Rock, Scissors, and Rediscovered Paper
Historians are going to have a field day when they get around to sorting out all the events of this election! Unlike any other election in our history, so much is going on - and is well-documented - that the footnote pages should outnumber those of text!
I'm going to take the title categories in reverse order.
The Pentagon on Friday released newly discovered payroll records from President Bush's 1972 service in the Alabama National Guard, though the records shed no new light on the future president's activities during that summer. A Pentagon official said the earlier contention that the records were destroyed was an "inadvertent oversight."
"Previous attempts to locate the missing records at the Federal Records Center had been unsuccessful due to the incorrect records accession numbers provided," the Pentagon's Office of Freedom of Information chief C.Y. Talbott said in a letter Friday to The Associated Press. "The correct numbers were obtained ... and the records were found."
Scissors Cut Paper
The final report of the 9/11 commission confirms many of the panel's preliminary findings that have--or should have--embarrassed the Bush administration. And it is true that the report does point to screw-ups and negligent policymaking committed during both the Bush II and Clinton administrations.
But George W. Bush is the incumbent president who has to face the voters in November. Although Republicans in recent days have been highlighting the mistakes of the Clinton years, it is not inappropriate for voters to focus on what report tells us about Bush and his administration.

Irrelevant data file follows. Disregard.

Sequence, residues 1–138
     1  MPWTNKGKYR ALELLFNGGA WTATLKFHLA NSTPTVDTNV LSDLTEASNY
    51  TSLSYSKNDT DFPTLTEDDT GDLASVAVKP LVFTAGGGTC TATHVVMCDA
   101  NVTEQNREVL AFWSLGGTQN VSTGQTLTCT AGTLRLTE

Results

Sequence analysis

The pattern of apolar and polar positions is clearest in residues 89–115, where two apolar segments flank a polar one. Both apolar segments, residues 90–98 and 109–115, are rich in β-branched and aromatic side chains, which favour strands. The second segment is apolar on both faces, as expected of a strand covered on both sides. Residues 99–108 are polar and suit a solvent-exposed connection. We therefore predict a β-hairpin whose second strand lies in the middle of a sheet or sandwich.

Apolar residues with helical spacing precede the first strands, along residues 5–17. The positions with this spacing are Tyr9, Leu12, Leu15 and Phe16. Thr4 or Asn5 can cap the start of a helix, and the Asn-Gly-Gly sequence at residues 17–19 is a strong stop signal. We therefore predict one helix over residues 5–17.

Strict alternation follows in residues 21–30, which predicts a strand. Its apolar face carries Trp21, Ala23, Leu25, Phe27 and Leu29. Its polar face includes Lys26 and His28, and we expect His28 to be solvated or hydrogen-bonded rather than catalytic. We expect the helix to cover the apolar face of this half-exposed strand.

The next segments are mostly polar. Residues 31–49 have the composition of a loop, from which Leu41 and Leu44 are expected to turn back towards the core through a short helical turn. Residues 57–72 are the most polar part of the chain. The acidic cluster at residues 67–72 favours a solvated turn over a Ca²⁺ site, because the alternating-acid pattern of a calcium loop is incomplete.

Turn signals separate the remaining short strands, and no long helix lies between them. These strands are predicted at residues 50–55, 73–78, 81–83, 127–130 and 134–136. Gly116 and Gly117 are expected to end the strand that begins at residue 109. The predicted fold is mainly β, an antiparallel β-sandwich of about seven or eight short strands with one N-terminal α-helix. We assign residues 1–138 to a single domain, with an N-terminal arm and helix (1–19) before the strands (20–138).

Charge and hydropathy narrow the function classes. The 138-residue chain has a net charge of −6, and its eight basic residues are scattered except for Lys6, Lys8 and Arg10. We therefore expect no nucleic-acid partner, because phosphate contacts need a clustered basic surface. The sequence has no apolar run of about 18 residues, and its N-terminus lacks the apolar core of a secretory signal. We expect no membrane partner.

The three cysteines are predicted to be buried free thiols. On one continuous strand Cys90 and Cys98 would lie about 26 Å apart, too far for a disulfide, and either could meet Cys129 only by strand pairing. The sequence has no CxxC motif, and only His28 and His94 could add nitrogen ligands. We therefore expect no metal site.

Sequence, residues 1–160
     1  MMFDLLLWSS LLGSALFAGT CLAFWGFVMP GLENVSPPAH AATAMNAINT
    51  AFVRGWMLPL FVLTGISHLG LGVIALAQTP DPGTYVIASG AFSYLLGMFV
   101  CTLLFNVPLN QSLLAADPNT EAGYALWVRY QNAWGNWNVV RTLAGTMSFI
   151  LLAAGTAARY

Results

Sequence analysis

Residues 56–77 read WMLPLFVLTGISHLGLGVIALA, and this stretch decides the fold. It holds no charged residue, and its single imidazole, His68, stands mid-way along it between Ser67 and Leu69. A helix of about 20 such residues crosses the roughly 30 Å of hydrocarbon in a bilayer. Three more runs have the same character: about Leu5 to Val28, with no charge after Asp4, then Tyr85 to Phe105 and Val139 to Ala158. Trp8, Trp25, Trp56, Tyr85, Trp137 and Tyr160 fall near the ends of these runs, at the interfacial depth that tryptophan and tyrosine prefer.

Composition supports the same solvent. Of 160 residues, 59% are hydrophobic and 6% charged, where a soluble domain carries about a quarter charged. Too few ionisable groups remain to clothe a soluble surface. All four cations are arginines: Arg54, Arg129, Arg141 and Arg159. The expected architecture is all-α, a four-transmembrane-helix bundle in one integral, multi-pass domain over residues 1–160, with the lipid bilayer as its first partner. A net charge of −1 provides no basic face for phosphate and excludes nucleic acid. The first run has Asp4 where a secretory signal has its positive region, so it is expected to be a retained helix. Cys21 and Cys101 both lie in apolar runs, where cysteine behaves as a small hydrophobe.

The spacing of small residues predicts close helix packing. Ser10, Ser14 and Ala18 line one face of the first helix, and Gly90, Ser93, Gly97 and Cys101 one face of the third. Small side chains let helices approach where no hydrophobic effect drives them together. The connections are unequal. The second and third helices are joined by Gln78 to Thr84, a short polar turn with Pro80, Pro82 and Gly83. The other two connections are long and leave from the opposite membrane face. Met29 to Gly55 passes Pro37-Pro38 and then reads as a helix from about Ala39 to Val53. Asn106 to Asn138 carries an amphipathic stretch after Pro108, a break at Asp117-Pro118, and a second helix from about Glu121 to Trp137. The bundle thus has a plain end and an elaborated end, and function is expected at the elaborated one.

If Bush wants this election to be a referendum on how he has handled the
threat posed by al Qaeda, this report--available now in local bookstores and online at the 9/11 commission's site - ought to be read by those 49 swing voters in Ohio who will be deciding the election for the rest of us.
Rock Blunts Scissors
Imagine "Fahrenheit 9/11" filmmaker Michael Moore and singer Linda Ronstadt onstage in Las Vegas, singing "America the Beautiful" at the very same casino resort where she was booed and told not to come back, because of remarks praising Moore.
It could happen - as early as September. That's when the Aladdin is expected to change hands, to a new consortium of owners including Planet Hollywood CEO Robert Earl, in a deal that is mostly done but is awaiting a gambling license. He says he'd invite both Moore and Ronstadt to appear at the hotel, which is to be renamed Planet Hollywood Hotel & Casino.
"We respect artists' creativity and support their rights to express themselves," says Earl. "We were very sorry to hear about the unfortunate circumstances of this past Saturday night and want to make it clear that Planet Hollywood has never, in our 13 year history, restricted any artists' right to free speech and we will continue with that policy once we take ownership."
Game, set, match.
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